of a gritty friable fubitance) and to expell it, for it opens all the Urinary passages, and powerfully provokes Urine, giving ease in the Strangury, Di-lury, and other like affecf ions ot those parts. Dose from two spoonfuls to fix, Morning and Evening, in a Glass of Ale, Beer, Mead, or Wine.
XV. The Essence. It has all the Virrues of the Liquid Juice, befides which it is profitable against Ulcers of the Bladder, to provoke the Terms in Women, and expell the Dead Child. It is a lingular thing against the Dropsie Sarcites, it its impregnated with the fixed Salt of the Plant, and be daily given in all the Liquor the Patient drinks. It purities, or cleanies the Blood from all ill humors, and
girfecflv eradicates the Scurvy in a cold habit of ody, Univerfals being also premifed. It is belt taken in the Spring time, and Fall of the Leaf, because then the Blood and Humors are thin and ftuxile, and more apt to pafs a depuration. Dole from one ounce to three ounces Morning and Evening.
XVI. The Spirituous Tincture. It has the Virtues of the Spirit aforementioned, at Sect. XIII. a-rotegoing, but much more powerful; and may be £jiven from twenty drops to sorty in any proper Stomatick Vehicle, or Wine.
XVII. T7?e Acid Tincture. It is a potent Antifcorbutick, and may safely be given as well in a hot as a cold Conttitution. It powerfully opens Obstructions, provokes Urine, and the Courles, breaks and dissolves the Stone, expells Tarratous Matter out ot the Body, helps in Rheumatisms and the Gout, and gives ease in wandring pains running over the whole Body. Dose so many drops at a time, as may make a Glals of Ale, Beer, Mead, or Wine gratefully sharp, so as if the Juice ot an O-range was fqueezed into it.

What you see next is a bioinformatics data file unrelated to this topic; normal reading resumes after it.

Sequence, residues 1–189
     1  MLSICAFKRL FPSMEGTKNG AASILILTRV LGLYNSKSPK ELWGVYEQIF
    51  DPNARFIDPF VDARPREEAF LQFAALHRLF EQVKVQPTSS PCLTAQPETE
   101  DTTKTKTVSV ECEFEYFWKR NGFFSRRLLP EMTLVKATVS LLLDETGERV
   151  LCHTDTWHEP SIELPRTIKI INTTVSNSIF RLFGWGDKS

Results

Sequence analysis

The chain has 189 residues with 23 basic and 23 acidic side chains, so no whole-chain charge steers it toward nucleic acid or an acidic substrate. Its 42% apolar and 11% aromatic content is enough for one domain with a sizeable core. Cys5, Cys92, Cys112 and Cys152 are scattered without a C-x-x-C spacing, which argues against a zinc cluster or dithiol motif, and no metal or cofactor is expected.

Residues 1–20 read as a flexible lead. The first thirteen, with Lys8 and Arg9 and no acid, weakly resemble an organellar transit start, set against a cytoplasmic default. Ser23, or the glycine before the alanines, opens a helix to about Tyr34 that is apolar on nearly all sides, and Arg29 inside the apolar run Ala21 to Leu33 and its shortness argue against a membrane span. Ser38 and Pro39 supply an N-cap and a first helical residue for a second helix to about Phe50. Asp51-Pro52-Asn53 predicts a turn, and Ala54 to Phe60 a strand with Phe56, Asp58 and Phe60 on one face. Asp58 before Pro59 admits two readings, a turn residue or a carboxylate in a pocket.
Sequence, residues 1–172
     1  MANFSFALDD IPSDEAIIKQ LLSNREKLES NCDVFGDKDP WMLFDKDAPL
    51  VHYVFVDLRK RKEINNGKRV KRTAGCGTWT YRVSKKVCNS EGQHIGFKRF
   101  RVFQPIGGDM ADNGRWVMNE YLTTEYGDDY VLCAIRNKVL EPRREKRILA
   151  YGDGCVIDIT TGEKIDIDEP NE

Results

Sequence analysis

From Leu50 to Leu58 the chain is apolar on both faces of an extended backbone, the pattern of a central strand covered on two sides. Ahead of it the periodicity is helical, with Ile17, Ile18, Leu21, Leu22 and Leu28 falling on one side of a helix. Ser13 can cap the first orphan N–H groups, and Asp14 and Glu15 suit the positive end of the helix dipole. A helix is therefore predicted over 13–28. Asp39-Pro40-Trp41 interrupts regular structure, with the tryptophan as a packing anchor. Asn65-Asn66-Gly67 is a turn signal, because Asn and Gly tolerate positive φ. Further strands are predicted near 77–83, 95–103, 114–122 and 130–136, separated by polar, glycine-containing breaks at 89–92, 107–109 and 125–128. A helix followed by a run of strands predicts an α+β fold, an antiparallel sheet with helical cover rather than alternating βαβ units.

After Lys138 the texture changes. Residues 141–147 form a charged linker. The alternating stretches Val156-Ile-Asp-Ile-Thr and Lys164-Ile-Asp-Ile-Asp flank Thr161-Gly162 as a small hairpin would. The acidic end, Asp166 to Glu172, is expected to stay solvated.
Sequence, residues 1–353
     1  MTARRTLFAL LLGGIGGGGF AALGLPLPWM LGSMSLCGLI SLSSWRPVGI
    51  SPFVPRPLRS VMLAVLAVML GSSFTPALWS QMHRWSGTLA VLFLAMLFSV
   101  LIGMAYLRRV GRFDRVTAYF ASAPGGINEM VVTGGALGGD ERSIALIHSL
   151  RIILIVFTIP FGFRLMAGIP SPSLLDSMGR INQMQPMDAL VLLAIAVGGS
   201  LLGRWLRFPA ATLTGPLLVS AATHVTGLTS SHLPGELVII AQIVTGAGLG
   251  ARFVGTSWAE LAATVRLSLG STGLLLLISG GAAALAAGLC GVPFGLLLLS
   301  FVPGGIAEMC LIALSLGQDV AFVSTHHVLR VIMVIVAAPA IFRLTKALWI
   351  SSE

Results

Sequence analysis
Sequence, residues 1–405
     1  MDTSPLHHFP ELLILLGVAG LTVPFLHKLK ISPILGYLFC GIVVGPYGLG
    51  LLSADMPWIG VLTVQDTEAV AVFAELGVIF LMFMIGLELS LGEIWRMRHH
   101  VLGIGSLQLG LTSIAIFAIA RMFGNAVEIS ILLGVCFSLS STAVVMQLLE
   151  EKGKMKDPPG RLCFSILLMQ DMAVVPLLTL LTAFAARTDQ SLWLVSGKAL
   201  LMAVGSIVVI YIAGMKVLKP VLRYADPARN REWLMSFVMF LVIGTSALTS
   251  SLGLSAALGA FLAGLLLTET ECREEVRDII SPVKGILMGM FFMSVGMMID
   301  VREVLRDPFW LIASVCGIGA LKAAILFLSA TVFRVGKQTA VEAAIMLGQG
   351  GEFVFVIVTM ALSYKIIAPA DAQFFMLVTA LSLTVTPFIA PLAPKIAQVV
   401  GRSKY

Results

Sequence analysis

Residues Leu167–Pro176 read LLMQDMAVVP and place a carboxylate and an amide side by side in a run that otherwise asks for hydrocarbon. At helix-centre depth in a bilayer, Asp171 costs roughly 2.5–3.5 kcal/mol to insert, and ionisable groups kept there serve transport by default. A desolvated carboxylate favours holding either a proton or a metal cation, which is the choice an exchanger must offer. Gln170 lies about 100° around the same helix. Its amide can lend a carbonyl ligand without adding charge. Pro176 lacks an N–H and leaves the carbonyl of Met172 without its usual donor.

XVIII. The Saline Tincture. This, tho' given inwardly, powerfully provokes Urine, and opens Obstructions, yet it is mostly used in outward applications, as to discusses Swellings in the Legs in the Dropsie, by somenting them therewith ·, to ease pains ot the Gout, and to prevent an incipient Gan-greene. It clears the skin of Scurf, Morphew, and such other like defilements, if often washed therewith.
XIX. The Oily Tincture. It is good against the Palfie, and Convulsions of the Nerves, being often anointed upon the Parts affected. It eases all sorts ot Pains in any Part, proceeding from a cold Cause; and being applied to moist Wounds, it defends them from Accidents. Being well anointed upon any Tumor or Part inclining to a Mortification, it prevents it, and conduces much to the Cure.
XX. The Fixed Salt. It is Deobftru&ive and Diuretick, bringing away much Water in Hydro-pick Persons, and carrying off much of the Morbi-fick cause of the Scurvy, by Urine, being given in White Port, or Rhenijh Wine, or some other proper Vehicle, three, four, or five times a day. Dole from fifteen grains to half a dram.
XXI. The Cataplasm. It is made of the Leaves or Herb, boiled, and beaten in a Stone or Wooden Mortar. Applied to Swollen Legs, or any other part Tumified with the Dropsie, it is said to discusses or abate the Tumor. If it is made into a Cataplasm, with the addition of Hogs Lard, the Pulp of Alarfh-mallow Roots, and the pouders of Fenugreek seed and Linfeed, and be applied warm, it takes away any Swelling in Arms or Legs; and is also powerful in defending Wounds, lb as to prevent their Apoftumating, and to prevent any other ill accident which may happen to them. Farriers fometimes use it also in curing Horses, to remove Tumors, and he^al their Scabs, with other like Diseases incident to them.